At the conclusion of Jonathan Demme’s benchmark thriller “”The Silence of the Lambs,”” Dr. Hannibal “”The Cannibal”” Lecter hangs up the phone on Special Agent Clarice Starling to, as he so eloquently put it, have an old friend for dinner. It’s a delicious, open-ended conclusion that invites us to fill in our own blanks, as this vicious killer we’ve just spent two hours digesting walks freely into the sunset, like a post-modern cowboy who’s managed to outwit the law once again. Where would he go? What would he do? Who would he eat? Unfortunately, “”Hannibal”” answers many of those questions, robbing Lecter of some of his mystery in an effort to ring a sequel out of a Hollywood classic.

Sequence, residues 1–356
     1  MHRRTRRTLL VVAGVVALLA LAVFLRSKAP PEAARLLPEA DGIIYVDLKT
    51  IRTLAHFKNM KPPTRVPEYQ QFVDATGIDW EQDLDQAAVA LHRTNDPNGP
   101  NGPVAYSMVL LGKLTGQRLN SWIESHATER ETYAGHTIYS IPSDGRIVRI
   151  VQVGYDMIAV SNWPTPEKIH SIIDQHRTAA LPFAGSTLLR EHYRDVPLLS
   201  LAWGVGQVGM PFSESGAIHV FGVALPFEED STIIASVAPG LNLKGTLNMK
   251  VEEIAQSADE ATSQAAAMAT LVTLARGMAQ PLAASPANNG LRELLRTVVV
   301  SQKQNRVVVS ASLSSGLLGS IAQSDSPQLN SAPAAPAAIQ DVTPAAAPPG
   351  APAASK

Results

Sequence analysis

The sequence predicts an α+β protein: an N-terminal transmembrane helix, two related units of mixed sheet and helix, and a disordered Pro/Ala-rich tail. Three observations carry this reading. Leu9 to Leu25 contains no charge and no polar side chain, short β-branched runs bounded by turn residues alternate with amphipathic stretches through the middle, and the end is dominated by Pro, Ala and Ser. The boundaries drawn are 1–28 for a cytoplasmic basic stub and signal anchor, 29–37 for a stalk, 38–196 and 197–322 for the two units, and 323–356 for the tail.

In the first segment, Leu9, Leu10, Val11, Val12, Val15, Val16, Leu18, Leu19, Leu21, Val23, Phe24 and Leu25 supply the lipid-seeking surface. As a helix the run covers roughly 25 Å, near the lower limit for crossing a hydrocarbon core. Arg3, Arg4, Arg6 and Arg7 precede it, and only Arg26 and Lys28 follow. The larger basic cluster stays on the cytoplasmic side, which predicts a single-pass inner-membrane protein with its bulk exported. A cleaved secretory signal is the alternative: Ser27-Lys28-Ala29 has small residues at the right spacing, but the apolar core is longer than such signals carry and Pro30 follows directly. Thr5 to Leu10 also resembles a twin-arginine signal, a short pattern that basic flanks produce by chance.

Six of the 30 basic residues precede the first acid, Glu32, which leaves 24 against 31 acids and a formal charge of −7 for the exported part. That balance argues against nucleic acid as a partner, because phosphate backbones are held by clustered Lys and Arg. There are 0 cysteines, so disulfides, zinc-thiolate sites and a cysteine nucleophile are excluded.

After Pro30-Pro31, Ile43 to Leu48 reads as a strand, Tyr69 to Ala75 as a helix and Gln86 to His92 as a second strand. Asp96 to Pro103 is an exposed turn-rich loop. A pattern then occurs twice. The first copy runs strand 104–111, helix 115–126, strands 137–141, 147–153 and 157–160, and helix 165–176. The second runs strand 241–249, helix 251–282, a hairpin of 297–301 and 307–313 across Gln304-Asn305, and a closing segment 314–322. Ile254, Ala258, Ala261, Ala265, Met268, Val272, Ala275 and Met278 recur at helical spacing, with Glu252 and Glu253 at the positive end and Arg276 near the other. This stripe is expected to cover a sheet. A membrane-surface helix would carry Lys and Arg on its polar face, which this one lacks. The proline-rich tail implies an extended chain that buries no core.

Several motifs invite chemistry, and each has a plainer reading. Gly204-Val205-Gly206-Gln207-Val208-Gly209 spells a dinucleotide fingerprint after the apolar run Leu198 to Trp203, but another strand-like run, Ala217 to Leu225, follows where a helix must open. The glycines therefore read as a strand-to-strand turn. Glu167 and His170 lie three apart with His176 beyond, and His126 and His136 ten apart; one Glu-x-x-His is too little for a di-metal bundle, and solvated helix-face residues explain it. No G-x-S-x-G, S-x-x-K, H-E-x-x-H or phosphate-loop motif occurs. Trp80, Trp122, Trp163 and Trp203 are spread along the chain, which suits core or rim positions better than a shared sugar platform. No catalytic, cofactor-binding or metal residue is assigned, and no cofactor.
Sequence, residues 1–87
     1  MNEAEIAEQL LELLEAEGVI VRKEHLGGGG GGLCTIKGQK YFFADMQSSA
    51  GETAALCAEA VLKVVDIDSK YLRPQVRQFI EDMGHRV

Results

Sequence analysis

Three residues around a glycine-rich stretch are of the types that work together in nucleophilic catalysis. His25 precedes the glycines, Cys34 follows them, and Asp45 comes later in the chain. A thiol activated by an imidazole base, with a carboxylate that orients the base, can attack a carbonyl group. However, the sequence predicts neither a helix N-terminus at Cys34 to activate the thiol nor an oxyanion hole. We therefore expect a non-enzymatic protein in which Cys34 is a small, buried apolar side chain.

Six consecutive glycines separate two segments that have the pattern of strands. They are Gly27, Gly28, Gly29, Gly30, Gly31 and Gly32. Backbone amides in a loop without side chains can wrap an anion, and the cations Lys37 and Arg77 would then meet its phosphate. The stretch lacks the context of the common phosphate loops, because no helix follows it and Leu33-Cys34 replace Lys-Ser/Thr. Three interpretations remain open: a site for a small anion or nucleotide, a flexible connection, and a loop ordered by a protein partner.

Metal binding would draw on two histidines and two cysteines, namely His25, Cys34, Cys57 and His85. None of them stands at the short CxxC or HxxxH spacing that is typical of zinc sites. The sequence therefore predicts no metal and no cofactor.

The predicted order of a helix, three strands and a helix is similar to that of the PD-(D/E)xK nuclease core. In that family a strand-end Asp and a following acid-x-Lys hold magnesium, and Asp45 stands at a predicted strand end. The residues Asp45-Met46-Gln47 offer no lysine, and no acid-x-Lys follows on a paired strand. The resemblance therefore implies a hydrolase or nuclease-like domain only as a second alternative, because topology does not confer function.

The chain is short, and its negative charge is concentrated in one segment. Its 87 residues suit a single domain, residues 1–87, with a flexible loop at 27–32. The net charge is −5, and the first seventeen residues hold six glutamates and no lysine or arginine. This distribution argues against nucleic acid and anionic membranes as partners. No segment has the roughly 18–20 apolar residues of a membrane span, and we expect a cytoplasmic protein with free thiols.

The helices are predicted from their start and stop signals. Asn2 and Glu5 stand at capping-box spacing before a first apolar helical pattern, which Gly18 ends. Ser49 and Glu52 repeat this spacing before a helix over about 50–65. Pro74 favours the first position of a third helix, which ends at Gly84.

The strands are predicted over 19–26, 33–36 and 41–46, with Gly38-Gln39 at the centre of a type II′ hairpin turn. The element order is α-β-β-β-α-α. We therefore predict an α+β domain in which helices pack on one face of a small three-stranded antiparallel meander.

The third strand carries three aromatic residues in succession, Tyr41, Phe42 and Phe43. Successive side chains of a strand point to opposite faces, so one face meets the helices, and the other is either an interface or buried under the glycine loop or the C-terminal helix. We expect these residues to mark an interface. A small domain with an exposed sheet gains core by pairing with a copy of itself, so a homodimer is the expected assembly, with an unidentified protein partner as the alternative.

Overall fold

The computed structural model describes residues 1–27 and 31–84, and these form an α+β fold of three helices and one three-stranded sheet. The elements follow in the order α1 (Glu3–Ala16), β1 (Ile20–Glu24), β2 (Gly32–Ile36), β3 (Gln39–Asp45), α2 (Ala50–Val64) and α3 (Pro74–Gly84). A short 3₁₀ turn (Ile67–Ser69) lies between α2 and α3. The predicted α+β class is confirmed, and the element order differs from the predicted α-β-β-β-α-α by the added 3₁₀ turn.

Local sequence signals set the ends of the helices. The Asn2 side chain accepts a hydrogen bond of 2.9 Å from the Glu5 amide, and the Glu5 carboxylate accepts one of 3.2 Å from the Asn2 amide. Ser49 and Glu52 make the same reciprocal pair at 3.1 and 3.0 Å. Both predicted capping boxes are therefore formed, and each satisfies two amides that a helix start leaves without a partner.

We learn, though not immediately, that Lecter has established a life for himself in Italy, drawing on his extensive knowledge of classic art to earn status points with the local intelligente. Indeed, Lecter lives a somewhat civilized life amidst the ruins of Florence, undetected (though he brazenly sports no disguise) and quite content.Until Mason Verger (Gary Oldman, unable to act under a pound of makeup), the horribly disfigured sole survivor of a Lecter attack, concocts an elaborate plan to lure the good doctor out of (gasp!) retirement, a plan that involves Lecter’s prized pupil, FBI Agent Clarice Starling (Julianne Moore).””Hannibal”” works from Thomas Harris’ beach read of a novel, but feels incomplete right off the bat, since both Jodie Foster and Demme passed on this second helping replaced by Moore and “”Gladiator”” director Ridley Scott. The changes, and Harris’ book itself, completely alter the story’s focus off of the pressed up heroine (Starling) and onto the shoulders of the vicious killer (Lecter). It’s awkward, as we, the audience, are now asked to relate with a relentlessly cold cannibal, instead of the vulnerable pursuer. Scott’s flashy style and scratchy camera effects also differ from Demme’s assured approach. Starling’s character barely misses a step in the transition between actresses. While I would have preferred Foster for continuity’s sake, Moore makes the most with what’s really a minor supporting role. What prevents “”Hannibal”” from being a great movie is Harris’ material, which felt so half-hearted as a book that the emotion, or lack of it, carries over onto the screen, no matter what Hopkins, Moore and Scott try. For the film’s first quarter, the Italy-based Lecter appears as terrifying as a grandparent vacationing off the coast of Tampa, Florida. Verger’s “”ingenious”” plot to nab Lecter disintegrates in the film’s first lackluster finale, which just sets up a drawn out dance between the cannibal and the agent that’s gruesome, unfulfilling and bound to pick your brain for days. Don’t get me wrong. I’m all for the return of Hannibal Lecter. Modern cinema has yet to produce a more sinister villain. But either dream up something for him to do the next time you drag him out of his resting place or leave him be.Grade: CTHE EXTRAS“”Hannibal”” lacks; MGM’s 2-disc “”Hannibal”” DVD does not. The studio’s disc is a classic example of a production that planned for the DVD release back during the planning stages of the film itself. The extensive five-part feature “”Breaking the Silence”” proves that, which begins with the film’s casting scandals (Foster’s in…Foster’s out…Demme’s interested…Demme’s not touching it) to it’s inevitable marketing challenges. One particularly interesting feature documents the film’s bi-coastal industry screenings in NY and LA, following audiences into theaters and actually recording their reactions to various scenes. It actually makes you feel like an insider as you sit comfortably on your couch.Producers Dino and Martha De Laurentiis, Hopkins, Moore and the cast all contribute to the extras via lengthy featurettes, but it’s Scott who pours out his soul to viewers in a number of additional sequences. The director provides a feature-length commentary, breaks down the opening fish market raid into a multi-angle analysis, proctors over almost 10 additional scenes, including an alternate ending that barely differs from the original, and narrates an in-depth look at the art of storyboarding. His above-and-beyond approach to the DVD earns the disc a final grade of…Grade: B+OVERALL EXPERIENCEThomas Harris waited ten years to revisit the atrocious Lecter, and then rushed through an inadequate novel that soften the character and turns him into more of a figurine than a figure to fear. “”Hannibal”” stays loyal to the book until the end, where it makes up some blunders of its own. The film can’t compare to the original “”Lambs,”” but it’s clear Scott never tried to. He struck out and created his own film, which falls flat on its own face. The two-disc DVD, however, is a good buy for the extras. Technically, they dissect the art of moviemaking, even if the movie they study is less than spectacular.Final Grade: C+By Sean O’ConnellSept. 12, 2001